1994. J was working for the family business in Cambridgeshire, and had taken his beloved and bloated CD collection with him. I had begged, cajoled and pleaded with him to be allowed to tape his Dylan albums, and finally, grudgingly, J had agreed, as long as I provided the tapes. And paid him £3 per album. He always was a malevolent little shit.

     For more reasons too tedious and dispiriting to list here, I'd been having a fair bit of time off school, and spent a lot of time in the car with my Dad that summer, where I would insist on playing Dylan on a continuous loop. Happily, Dad was also a Dylan fan, and away from my mothers musical control, gleefully indulged me in my obsession as we drove along the A47, taking the turning at Swaffham and onto the Fens. I was especially in love with The Freewheelin' Bob Dylan and liked to close my eyes and imagine someone singing 'Girl from the North Country' whilst thinking about me. I was 14. Don't pretend you haven't done something similar. The other side of the tape had something called 'Five Leaves Left' on it. I hadn't bothered listening to it, because it wasn't Dylan. Instead, when the album on Side A finished I would automatically spring forward, lunge at the rewind button and listen to the scratchy tape deck spool through. Then listen to the album all over again.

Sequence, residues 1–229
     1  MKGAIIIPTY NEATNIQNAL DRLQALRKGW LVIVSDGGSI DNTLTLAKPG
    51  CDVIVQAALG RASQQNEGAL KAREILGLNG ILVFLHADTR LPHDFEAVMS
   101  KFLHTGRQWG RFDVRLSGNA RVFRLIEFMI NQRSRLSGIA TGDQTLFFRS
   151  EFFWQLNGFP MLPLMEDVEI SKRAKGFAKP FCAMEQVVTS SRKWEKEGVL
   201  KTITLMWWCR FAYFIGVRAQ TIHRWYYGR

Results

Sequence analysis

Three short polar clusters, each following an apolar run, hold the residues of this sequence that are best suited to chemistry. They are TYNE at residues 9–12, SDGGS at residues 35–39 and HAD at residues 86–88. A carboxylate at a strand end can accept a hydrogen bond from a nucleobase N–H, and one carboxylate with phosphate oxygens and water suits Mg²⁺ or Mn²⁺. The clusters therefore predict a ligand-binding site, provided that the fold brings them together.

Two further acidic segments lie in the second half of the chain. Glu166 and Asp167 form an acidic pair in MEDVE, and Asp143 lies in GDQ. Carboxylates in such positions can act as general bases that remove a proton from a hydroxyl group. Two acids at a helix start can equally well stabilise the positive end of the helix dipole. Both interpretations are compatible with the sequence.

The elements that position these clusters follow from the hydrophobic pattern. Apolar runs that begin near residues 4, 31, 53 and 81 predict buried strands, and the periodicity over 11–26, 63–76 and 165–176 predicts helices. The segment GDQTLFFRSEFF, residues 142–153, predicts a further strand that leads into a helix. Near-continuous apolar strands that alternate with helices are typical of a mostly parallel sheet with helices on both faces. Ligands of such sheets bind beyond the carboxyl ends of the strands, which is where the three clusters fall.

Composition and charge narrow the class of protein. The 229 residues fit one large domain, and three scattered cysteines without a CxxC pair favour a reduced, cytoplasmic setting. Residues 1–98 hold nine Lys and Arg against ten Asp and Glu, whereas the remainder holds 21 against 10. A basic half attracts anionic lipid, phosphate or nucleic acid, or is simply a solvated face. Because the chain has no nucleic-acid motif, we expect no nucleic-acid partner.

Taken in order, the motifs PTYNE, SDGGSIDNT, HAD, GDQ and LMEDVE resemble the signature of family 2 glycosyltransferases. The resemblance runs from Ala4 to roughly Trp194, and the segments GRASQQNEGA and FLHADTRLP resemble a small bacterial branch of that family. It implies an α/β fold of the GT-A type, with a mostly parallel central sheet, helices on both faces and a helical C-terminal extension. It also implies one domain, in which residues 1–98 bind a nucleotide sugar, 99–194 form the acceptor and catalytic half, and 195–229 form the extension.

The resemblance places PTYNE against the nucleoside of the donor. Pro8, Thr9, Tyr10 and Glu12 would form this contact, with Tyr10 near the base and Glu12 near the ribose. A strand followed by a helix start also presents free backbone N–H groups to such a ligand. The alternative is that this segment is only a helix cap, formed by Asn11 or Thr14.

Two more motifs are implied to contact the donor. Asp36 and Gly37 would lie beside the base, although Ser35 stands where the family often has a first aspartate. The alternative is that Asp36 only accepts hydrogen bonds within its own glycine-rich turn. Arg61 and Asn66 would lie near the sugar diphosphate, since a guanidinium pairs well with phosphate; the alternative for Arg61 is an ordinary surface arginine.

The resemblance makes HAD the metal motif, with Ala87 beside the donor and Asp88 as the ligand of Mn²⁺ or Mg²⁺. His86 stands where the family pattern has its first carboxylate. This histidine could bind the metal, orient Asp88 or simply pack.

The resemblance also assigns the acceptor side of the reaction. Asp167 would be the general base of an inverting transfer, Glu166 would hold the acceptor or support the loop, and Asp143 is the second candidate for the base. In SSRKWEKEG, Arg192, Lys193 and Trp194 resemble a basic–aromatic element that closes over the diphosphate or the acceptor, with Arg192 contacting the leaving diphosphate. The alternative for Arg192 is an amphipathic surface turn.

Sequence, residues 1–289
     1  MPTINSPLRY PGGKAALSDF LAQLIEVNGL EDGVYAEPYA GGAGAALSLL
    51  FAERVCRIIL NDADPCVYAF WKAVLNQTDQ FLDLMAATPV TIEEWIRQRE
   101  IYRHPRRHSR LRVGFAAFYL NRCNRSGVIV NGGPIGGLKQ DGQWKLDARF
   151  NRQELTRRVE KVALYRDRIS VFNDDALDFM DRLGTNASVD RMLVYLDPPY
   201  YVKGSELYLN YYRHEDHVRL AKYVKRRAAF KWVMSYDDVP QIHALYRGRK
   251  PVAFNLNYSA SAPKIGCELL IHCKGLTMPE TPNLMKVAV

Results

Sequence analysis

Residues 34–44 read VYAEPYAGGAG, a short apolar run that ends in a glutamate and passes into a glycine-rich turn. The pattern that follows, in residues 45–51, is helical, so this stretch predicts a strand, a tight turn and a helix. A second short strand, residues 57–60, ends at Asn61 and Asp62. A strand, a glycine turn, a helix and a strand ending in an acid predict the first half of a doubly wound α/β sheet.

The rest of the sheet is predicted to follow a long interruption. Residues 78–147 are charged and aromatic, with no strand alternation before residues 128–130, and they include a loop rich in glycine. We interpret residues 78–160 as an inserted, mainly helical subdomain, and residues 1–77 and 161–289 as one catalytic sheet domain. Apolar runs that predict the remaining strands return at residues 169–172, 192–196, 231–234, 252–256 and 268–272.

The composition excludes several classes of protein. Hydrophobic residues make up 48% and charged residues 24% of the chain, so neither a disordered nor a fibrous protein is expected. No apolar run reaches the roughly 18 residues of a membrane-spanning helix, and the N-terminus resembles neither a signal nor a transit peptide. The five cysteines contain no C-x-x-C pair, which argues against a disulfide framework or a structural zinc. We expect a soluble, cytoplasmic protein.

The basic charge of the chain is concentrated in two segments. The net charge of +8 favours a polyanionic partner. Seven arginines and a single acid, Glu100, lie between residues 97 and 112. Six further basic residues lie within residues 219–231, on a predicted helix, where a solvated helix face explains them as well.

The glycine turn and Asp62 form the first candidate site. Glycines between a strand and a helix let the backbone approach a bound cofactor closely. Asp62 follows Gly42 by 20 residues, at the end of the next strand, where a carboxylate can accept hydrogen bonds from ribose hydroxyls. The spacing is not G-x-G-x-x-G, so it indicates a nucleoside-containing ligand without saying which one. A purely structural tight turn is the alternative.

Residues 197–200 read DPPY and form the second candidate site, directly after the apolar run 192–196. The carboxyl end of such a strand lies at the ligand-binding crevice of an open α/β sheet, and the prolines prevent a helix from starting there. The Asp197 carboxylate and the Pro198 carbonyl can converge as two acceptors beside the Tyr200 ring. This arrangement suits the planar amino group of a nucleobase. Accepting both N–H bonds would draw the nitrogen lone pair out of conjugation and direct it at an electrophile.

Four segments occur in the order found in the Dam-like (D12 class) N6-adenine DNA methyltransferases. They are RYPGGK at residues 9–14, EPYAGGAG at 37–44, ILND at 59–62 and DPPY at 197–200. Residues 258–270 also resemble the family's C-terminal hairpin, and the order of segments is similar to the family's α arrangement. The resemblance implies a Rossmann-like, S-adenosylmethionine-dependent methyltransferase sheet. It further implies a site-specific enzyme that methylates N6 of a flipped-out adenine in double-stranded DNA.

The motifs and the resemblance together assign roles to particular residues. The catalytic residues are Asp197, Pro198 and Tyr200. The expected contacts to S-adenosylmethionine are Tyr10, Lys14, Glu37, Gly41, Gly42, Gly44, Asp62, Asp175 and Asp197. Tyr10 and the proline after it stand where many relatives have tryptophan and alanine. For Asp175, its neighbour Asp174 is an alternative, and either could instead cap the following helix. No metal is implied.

So there we were, at the Downham Market bypass, one Tuesday afternoon in May. We'd been chatting about something or other, and so my normal lightning reflexes hadn't kicked in. The tape machine clunked into gear and suddenly, the most beautiful, soothing and gentle song filled the car. It was Time has told me, by Nick Drake Bye Bob! I have a new musical love now.

     Now hasten along with me as I draw you to the last week of November 1994. I am in love. Frighteningly, worryingly, intensely in love. And also heartbroken. My first boyfriend has left the country and I will never see him again (or so I thought). Even better, my brother, J, has gone with him, just to rub salt in the wound, squeeze lemon juice in it, and then viciously stab me in the heart a further 57 times whilst screeching 'DIE! DIE! PAIN DEATH AND DESTRUCTION!' in my face. The only consolation is that J has returned his earthly belongings to the family home, including his CD collection.